Having an understanding of first-year mechanics and electricity/magnetism is critical. Ideally, students should be comfortable with the material on the AP Physics C syllabus, but less experience is acceptable. A strong command of geometry and pre-calculus is also expected. Knowledge of calculus and linear algebra is helpful and will illuminate some topics in greater detail, but not required.

Interesting Tidbits of Pharmacology (or All About Drugs)
Teachers: Zak Fallows

Did you know that Viagra might reduce jet lag, or that the chemical warfare agents BZ and VX nerve gas are mutual antidotes for one another? Would you be surprised to hear that there is a narcotic painkiller ten thousand times more potent than heroin? This class will explain these fascinating pharmacological tidbits and many more, including topics like SSRI antidepressants and ADHD medications. Students will learn the foundations of pharmacology, including how drugs work, what they do, and why they are so interesting.

There will also be brief chemical demonstrations that have very little to do with pharmacology during some of the classes. Things will blow up, burn, freeze, and change colors.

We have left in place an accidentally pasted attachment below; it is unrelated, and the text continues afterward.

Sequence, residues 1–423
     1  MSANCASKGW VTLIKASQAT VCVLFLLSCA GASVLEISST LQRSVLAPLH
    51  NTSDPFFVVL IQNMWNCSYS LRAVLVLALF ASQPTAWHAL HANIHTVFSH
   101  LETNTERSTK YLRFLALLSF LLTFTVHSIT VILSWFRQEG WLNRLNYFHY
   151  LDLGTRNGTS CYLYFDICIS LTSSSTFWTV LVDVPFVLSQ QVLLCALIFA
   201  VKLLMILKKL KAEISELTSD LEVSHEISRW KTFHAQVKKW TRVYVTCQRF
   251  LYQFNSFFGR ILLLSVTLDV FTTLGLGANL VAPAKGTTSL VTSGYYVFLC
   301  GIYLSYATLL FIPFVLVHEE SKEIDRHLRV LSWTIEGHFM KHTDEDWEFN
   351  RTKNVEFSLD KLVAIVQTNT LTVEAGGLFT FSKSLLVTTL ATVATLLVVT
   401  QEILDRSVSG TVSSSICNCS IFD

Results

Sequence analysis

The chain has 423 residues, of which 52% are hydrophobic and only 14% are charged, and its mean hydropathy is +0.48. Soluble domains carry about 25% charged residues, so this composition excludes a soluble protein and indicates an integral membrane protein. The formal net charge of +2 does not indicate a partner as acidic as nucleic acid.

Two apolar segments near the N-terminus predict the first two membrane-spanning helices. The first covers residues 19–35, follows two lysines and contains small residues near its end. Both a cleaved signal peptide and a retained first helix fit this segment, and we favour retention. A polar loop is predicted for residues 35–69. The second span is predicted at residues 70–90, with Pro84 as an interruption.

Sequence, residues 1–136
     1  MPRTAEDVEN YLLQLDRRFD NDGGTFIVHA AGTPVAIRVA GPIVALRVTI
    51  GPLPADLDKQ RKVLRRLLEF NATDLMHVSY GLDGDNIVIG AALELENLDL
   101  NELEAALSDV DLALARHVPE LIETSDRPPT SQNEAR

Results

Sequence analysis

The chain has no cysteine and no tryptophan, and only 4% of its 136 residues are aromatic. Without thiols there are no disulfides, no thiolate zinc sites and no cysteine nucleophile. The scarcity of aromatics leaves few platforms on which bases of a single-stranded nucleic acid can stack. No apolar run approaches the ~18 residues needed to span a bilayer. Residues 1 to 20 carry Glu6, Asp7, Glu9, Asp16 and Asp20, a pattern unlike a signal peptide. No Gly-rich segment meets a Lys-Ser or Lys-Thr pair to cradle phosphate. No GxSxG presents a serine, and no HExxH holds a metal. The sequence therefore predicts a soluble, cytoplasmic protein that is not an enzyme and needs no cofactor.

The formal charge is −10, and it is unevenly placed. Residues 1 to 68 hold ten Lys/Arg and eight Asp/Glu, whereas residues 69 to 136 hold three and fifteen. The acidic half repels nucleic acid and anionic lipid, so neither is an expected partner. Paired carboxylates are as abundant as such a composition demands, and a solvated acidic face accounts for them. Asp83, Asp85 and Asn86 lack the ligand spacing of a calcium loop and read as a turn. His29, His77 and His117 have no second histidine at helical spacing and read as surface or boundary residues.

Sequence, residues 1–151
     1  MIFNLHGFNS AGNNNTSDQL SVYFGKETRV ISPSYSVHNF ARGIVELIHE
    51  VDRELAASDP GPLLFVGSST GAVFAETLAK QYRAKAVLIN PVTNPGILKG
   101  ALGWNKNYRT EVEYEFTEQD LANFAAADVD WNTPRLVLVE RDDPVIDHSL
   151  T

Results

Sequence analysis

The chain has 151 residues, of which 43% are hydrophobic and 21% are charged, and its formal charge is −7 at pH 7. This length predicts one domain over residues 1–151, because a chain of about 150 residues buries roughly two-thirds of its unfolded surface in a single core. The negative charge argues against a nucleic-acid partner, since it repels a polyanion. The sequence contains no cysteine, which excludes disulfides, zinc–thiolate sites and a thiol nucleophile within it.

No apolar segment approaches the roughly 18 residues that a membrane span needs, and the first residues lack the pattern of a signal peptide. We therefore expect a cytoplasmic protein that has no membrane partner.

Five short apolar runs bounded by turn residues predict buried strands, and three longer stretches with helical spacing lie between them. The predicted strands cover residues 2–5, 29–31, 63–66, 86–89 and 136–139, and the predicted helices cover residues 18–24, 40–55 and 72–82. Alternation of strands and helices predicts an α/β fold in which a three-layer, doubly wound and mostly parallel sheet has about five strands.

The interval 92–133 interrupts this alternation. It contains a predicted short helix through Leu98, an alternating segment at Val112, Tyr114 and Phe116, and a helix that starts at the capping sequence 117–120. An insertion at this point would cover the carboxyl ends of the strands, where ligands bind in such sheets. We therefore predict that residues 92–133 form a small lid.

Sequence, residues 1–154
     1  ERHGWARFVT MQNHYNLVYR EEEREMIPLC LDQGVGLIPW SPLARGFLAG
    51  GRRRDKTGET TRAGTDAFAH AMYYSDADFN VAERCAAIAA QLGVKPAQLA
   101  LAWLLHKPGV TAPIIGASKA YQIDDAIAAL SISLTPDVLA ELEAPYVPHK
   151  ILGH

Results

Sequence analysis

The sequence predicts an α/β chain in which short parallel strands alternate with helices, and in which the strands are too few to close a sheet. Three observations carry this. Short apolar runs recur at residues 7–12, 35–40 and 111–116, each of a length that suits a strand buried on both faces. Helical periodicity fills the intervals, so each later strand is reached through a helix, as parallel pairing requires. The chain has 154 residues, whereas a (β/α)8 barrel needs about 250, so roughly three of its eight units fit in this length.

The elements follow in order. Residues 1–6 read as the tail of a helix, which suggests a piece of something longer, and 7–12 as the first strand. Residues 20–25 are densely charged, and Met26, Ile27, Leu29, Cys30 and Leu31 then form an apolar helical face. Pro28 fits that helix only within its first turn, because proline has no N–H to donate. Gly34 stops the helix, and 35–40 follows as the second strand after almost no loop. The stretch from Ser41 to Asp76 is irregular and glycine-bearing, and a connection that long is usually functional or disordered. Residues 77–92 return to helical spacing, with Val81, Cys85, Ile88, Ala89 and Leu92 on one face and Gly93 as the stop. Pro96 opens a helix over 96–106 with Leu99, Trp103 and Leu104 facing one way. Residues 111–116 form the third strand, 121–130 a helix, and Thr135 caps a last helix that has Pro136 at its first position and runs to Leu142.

*Please note* This class is full, but if you really want to take it you should email me (click on my name above) and I will put you on a waiting list. You should also come to one of the Spark sessions. Don't get your hopes up, I can't make any promises, but you will enjoy the Spark session even if you don't get into the ten-week class.

A History of Life on Earth
Teachers: Susan Shepherd

From the Creation of the Known Universe to Ancient Rome, this course follows the evolution of life from the beginning to the present. In this class we will look at different kinds of animals, how they developed, and what makes them interesting.

The class breakdown will be as follows:
First Class: The Start of Everything through the Cambrian Explosion. Second Class: The Paleozoic Era. Third Class: The Mesozoic Era I. Fourth Class: The Mesozoic Era II. Fifth Class: The Cenozoic Era I. Sixth Class: The Cenozoic Era II. Seventh Class: Recent Developments. Eighth Class: The Dawn of Man. Ninth Class: The Rise and Fall and Rise of Civilization. Tenth Class: The Modern Day.

Where appropriate, side issues will be explored, including unusual or "weird" animals (platypus, echidna), fossil dating techniques (or "how do we know all this, anyway?") and the impact of natural disasters such as asteroid / comet strikes and vulcanism. Student questions are welcome; if students want to focus on particular aspects of life, time will be set aside at the beginning of the next lecture to cover that material.